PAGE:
Dr Kenneth Stewart MBE (right in photo): A brilliant languages and medical student at Trinity College Dublin, Ken Stewart saw distinguished service with the Royal Army Medical Corps (RAMC) during the second World War.
Born in Dublin of Scottish Presbyterian parents, Stewart was a house surgeon in Belfast when he volunteered for war service in 1940. He was a captain in the British eighth army, as second-in-command of a beach-landing medical unit, during the invasion of Sicily in 1942. They landed before dawn on July 10th and tended casualties on the beach near Syracuse.
Stewart recalled: "An engineer who had been clearing the mines had been severely wounded in the thigh by an exploding mine and needed the immediate application of a tourniquet to control the bleeding; then we carried him the few yards to the shelter of the trees and set up an intravenous drip to treat him for shock, hanging the bottle of serum from the branch of an olive tree."
Catania fell quickly and in a huge hangar, Montgomery briefed them about the next day's landings on Italy, across the Strait of Messina. They landed in Reggio, where Stewart's medical section occupied a large villa near the beach to receive casualties.
The eighth army made rapid progress north and Stewart's medical company boarded "a ramshackle Italian train", heading for the port of Taranto. Stewart was appointed port medical officer. Days later he took over an ambulance train operating between the eighth army railhead at Termoli, half way up the Adriatic coast, and the hospital ships in Bari and Brindisi.
In February 1944, he was ordered back to Britain to help pass on landing experiences to the British second army preparing for the D-Day landings. His field ambulance company landed in Normandy on D-Day plus six - June 12th. The allied forces had pushed the German army 10 miles inland and in the apple orchards, the RAF bulldozed 13 airstrips to allow Dakotas to fly in with ammunition and to evacuate casualties.
They had a one-hour turnaround time, each aircraft returning with 24 stretcher cases and six sitting, and Stewart co-ordinated the hectic logistics between the hospitals and airstrips. He rode two-stroke motorcycles and dropped with the paratroopers. He later recalled that as the carburettors choked up with dust and sand, "I got through about a dozen in a couple of weeks".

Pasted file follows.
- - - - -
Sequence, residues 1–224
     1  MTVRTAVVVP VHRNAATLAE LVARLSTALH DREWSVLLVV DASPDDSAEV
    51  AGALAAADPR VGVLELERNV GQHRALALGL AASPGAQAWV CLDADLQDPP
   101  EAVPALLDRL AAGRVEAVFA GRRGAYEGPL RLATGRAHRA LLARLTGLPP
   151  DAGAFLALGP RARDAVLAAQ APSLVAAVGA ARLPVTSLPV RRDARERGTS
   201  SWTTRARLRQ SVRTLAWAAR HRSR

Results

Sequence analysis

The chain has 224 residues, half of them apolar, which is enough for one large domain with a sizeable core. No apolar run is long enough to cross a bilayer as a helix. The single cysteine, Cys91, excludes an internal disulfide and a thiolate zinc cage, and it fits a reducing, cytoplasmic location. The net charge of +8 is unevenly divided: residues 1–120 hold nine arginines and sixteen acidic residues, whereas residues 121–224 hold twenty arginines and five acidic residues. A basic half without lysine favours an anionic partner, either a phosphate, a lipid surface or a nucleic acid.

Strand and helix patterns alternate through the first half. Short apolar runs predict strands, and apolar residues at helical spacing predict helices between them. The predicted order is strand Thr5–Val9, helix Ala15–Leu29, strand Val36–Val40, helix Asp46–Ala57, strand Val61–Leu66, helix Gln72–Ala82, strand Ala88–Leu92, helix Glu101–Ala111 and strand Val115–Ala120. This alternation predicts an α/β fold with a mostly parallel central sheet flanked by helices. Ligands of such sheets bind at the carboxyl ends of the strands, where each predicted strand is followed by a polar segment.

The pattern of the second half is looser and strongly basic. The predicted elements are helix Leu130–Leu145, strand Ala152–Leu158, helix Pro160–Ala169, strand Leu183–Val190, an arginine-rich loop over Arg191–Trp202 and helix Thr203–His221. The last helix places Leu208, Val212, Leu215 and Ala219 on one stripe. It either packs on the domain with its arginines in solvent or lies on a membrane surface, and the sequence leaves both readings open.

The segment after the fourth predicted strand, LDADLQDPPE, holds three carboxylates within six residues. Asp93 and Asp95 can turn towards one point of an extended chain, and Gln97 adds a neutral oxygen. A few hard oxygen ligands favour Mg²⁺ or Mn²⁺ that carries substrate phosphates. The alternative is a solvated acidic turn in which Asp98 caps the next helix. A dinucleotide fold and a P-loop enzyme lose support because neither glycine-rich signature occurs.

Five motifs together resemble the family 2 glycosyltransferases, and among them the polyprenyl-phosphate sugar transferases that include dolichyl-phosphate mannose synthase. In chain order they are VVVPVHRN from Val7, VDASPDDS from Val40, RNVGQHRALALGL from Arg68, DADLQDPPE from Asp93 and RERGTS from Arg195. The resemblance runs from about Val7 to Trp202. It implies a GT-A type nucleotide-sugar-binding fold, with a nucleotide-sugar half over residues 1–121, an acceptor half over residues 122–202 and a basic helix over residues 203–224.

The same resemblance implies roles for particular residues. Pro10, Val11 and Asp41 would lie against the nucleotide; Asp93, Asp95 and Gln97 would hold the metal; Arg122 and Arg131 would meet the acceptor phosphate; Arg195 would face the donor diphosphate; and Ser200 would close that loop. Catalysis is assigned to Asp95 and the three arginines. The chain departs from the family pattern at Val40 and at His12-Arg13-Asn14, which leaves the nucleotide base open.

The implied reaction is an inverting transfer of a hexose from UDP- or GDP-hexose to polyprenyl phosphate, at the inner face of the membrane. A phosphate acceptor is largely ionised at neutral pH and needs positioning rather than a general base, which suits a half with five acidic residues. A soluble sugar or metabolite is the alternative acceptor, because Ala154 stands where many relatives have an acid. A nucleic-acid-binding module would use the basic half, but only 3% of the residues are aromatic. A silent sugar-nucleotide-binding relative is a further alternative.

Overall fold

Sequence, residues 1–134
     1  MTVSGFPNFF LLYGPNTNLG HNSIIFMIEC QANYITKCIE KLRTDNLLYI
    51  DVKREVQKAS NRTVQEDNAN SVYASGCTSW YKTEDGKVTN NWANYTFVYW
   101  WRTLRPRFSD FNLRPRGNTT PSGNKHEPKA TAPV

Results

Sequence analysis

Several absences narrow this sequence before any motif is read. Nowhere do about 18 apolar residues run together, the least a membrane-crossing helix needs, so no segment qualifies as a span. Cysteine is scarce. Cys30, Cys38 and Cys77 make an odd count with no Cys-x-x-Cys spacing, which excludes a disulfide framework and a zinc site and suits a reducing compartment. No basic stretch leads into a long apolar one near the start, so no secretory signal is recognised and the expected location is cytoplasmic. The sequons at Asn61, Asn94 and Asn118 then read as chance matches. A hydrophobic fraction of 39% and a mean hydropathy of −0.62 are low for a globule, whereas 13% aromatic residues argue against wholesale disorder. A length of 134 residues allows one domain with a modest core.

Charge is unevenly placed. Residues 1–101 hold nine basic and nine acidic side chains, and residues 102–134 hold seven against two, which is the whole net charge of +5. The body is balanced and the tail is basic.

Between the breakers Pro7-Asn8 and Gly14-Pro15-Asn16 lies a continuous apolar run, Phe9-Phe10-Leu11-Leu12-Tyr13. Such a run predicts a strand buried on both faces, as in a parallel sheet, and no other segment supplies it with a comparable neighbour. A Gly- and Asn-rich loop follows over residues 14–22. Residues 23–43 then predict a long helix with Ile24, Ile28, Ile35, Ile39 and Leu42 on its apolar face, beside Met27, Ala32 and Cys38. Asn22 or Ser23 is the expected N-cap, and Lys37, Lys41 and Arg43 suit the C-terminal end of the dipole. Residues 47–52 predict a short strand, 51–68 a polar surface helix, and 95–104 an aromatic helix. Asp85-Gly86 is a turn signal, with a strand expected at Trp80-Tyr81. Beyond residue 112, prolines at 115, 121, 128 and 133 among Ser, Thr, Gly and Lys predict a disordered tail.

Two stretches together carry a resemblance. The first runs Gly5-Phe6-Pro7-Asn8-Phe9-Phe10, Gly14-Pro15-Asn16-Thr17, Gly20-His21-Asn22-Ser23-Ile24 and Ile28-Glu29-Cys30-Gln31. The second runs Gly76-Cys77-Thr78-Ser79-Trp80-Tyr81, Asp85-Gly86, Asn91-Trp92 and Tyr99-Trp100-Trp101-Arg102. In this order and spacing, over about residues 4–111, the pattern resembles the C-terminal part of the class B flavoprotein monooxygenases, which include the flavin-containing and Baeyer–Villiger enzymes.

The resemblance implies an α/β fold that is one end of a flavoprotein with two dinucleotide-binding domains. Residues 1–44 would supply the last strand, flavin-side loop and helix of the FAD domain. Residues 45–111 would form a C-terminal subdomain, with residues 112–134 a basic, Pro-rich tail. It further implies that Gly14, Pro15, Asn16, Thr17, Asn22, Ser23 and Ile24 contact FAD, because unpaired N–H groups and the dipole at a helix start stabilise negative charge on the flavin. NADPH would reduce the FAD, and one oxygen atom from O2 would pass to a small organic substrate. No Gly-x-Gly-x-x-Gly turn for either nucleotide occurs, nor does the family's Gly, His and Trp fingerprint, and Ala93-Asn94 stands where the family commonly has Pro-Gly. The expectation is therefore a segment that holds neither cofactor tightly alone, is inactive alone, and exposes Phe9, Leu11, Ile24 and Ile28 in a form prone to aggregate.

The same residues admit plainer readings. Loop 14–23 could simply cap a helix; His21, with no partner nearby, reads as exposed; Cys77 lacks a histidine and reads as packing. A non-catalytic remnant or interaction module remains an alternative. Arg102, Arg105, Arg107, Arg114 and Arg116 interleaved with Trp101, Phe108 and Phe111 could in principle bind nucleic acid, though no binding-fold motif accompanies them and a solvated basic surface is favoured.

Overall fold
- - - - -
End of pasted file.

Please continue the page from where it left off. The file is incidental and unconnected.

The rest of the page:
At one point a huge storm blew up, halting air traffic, as he was evacuating 50 casualties in a dozen ambulances. Not knowing what to do, he prayed for inspiration and felt urged to go to the beach. There to his astonishment he found an old friend from university, now a navy medical officer, who took the casualties aboard his tank landing craft.
Promoted to major and given command of a field ambulance company, Stewart followed the allied advance to Belgium, where Dakotas flew up to 500 casualties a day from Brussels to British hospitals.
His field ambulance company joined the allied advance across the Netherlands, spending two months dug in on the west bank of the River Maas. His HQ was in a house two miles back from the river bank exposed to German mortars. "The evacuation of the wounded was very dicey and much of it was done under cover of darkness."
On March 22nd, 1945, he took part in the daring dawn assault across the steep banks of the Rhine. He was soon ordered to join a HQ unit in Eindhoven, preparing to enter Berlin. His medical unit was in Utrecht when armistice was declared on May 8th. "As we drove into Berlin we were struck by the colossal devastation wrought by the allied bombing . . . it was pathetic to see half-starved and exhausted German women and children picking over the bricks."
In Berlin, he arranged for the medical care of allied troops and civilian staff at the Four Power Summit Conference. Awarded the MBE in 1945 and mentioned in dispatches, he was discharged on December 31st, 1945.
Stewart was deeply concerned about the need for post-war reconstruction in Europe. He was based in Italy for 10 years, as a volunteer with the Moral Re-Armament (MRA) movement, which had opened its centre for reconciliation in Caux, Switzerland, in 1946.
He joined a small band of MRA volunteers in Milan, visiting factory workers and employers at a time when communists and Christian Democrats struggled for control of Italy's industrial heartland. Stewart and his colleagues brought groups of workers and employers, from the giant Falck steelworks and other industries, to MRA's annual conferences in Caux.
In 1960 Stewart married Dorothy Page - they had first met in Belfast in 1940 - and she joined him in Italy for the next five years.
Stewart was believed to be the last surviving Trinity scholar of his generation. He had won an entrance scholarship in Irish and took an honours degree in French and Irish in 1933. That summer he attended an evangelical conference in Keswick, "which changed the course of my life". He promptly felt he should study medicine "and use my training to serve people".
In his third year of medical studies he attended a conference of the Oxford Group, the forerunner of MRA. Stewart found the group's emphasis on absolute moral standards "brought more disciplined into my life", including a decision to quit smoking.
After Italy, Stewart returned to Kingussie, Scotland, for 10 years, before moving to a medical practice in Tarporley, Cheshire. There he acted as doctor to MRA's nearby residential conference centre, Tirley Garth. He and Dorothy retired to Bangor, Co Down, nursing five members of his family through terminal cancer.
He died in Galway on June 11th.
Kenneth Stewart: born October 9th, 1911; died, June 11th, 2006
First pubished in The Irish Times, 29 July 2006